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Home > Media Reviews > News Review Last Updated: 11:00 06/15/2007
News Review #399: June 15, 2007

Weak Yen Fuels Japanese Surplus

Reviewed by Takahiro MIYAO

Weak Yen Fuels Japanese Surplus
Financial Times (6/14/2007)


In this Financial Times article, a concise explanation is given as to how a weak yen contributes to a rapid increase in Japan's current account surplus. One obvious way is to stimulate exports from Japan, especially to other Asian countries, whose currency is more or less pegged to the US dollar. Another, less obvious, way is to increase the value of returns on Japan's foreign investments in yen terms.

Even without the weakening currency, Japan might well be increasing its current account surplus for the following reasons: (1) increasing competitiveness in key exporting industries such as automobile and machineries, (2) increasing overseas investments from Japan for higher returns, and (3) rapid expansion of the global economy, especially in Asian countries. These favorable conditions help Japan defy the norm for a mature economy (like the US and the UK), which should increase receipt of returns on overseas investments while decreasing its exports and trade surplus, due to an increasing value of its currency. Obviously, a weak yen will strengthen Japan's tendency to move away from this norm.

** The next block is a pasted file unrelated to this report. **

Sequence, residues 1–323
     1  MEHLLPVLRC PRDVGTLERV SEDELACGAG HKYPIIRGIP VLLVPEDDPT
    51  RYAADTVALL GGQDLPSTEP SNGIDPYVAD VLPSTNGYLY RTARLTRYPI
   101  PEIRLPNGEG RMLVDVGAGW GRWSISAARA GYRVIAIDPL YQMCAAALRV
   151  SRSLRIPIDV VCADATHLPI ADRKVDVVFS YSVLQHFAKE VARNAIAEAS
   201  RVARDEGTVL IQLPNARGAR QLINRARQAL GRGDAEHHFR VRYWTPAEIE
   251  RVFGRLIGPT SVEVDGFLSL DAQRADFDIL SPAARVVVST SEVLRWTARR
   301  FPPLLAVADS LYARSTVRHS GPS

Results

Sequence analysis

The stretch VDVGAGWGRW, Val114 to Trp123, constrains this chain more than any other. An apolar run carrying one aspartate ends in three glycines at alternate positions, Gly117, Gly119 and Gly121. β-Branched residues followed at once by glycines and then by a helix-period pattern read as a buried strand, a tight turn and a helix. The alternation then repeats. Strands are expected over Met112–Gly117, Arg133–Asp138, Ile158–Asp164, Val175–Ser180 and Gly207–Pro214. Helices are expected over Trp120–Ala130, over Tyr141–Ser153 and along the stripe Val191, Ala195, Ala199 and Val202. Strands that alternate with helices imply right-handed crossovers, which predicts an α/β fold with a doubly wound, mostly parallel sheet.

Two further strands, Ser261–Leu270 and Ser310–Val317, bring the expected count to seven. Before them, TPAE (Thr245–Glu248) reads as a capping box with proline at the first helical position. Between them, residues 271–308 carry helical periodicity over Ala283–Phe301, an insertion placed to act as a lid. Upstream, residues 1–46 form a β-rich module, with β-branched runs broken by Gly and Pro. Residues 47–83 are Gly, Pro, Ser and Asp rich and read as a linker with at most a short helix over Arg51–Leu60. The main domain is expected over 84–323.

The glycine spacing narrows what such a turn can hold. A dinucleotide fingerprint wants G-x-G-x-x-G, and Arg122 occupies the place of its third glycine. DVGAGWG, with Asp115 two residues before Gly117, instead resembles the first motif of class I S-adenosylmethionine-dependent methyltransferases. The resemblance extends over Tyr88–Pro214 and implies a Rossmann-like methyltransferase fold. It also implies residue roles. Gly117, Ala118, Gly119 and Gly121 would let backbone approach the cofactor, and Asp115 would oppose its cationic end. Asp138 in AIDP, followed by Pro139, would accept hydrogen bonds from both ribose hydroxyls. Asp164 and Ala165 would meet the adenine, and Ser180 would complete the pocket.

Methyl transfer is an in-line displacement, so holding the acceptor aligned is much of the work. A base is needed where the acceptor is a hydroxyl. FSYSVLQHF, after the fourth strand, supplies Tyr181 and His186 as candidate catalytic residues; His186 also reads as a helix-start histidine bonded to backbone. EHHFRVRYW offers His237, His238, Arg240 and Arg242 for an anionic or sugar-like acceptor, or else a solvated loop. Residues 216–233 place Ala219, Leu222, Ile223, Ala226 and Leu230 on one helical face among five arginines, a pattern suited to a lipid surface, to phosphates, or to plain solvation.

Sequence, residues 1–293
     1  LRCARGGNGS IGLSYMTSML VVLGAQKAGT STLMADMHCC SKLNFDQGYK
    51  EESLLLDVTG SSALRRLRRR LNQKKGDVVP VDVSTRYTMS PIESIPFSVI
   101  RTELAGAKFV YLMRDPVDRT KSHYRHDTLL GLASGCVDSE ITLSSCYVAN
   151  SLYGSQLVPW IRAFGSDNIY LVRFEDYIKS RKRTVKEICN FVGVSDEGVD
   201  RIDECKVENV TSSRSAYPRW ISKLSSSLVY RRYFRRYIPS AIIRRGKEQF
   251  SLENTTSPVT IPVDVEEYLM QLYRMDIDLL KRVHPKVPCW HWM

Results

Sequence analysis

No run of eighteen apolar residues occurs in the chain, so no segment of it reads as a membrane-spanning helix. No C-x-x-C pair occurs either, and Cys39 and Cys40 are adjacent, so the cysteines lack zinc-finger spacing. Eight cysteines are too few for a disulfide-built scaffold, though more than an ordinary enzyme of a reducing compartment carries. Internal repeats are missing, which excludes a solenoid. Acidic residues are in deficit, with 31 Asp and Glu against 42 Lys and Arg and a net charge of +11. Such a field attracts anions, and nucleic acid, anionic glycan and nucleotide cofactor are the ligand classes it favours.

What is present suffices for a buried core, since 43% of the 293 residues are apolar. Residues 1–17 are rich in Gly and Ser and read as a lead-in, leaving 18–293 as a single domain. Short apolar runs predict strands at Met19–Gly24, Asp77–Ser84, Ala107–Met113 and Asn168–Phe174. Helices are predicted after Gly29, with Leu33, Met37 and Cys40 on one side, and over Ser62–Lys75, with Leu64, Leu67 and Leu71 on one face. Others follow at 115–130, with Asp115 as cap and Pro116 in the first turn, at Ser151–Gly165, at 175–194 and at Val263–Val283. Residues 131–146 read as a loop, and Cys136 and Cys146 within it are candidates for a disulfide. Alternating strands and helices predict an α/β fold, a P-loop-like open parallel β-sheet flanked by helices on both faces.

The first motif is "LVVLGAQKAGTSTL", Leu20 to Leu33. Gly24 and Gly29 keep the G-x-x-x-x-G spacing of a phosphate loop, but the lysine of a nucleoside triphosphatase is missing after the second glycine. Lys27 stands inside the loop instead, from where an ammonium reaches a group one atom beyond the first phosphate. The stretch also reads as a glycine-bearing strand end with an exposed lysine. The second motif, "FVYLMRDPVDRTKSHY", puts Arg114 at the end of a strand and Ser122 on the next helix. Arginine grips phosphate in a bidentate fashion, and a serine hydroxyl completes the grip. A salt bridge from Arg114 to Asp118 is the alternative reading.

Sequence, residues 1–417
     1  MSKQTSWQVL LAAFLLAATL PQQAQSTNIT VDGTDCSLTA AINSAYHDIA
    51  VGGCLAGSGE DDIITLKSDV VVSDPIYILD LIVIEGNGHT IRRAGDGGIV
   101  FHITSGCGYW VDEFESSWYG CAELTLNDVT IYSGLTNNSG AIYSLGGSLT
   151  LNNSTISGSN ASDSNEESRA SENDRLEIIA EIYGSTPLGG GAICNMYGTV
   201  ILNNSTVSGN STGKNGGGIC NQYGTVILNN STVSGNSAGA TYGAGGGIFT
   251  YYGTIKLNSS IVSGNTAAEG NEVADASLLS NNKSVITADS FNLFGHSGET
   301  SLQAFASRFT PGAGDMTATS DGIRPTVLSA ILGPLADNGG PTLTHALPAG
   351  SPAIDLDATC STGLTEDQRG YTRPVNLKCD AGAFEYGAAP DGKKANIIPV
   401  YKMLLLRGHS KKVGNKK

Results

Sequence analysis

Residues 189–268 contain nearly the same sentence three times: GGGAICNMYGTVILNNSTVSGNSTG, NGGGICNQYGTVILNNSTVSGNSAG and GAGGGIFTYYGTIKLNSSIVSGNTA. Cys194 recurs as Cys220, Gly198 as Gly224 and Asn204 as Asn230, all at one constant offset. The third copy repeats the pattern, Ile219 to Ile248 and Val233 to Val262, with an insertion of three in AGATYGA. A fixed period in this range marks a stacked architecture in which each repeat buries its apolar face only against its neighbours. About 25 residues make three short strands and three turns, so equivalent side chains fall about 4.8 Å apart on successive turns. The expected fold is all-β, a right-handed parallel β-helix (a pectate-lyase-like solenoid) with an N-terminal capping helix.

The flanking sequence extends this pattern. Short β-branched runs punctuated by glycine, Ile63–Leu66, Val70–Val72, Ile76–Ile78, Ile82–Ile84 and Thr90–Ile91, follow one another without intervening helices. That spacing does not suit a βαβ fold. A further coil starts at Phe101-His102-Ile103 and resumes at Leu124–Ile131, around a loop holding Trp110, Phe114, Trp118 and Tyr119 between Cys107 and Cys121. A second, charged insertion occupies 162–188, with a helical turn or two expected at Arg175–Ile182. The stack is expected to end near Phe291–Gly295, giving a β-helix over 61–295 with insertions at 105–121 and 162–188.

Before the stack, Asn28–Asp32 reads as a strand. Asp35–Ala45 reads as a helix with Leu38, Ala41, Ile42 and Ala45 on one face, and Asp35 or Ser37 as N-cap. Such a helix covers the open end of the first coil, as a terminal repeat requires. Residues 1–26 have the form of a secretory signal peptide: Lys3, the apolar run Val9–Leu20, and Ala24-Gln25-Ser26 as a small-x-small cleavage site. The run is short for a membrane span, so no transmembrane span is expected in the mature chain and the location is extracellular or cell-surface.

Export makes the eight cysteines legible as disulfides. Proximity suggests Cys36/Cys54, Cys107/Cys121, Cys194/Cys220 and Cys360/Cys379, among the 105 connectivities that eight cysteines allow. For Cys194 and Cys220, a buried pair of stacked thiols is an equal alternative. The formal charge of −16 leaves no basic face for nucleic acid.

It is clear that this "abnormal" situation has resulted mostly from Japan's low interest rate compared to interest rates overseas, but beyond that policy makers and economists differ in their opinions as to what to do to "normalize" the situation. A prevailing sentiment in Japan may be what the chief economist at JP Morgan in Tokyo says, quoted in this article: "I am not saying the current level of the yen is justified in terms of the relative macroeconomic fundamentals in Japan and the US. But it is the result of market forces all the same."

This review is adopted from the following blog (with its Japanese translation):

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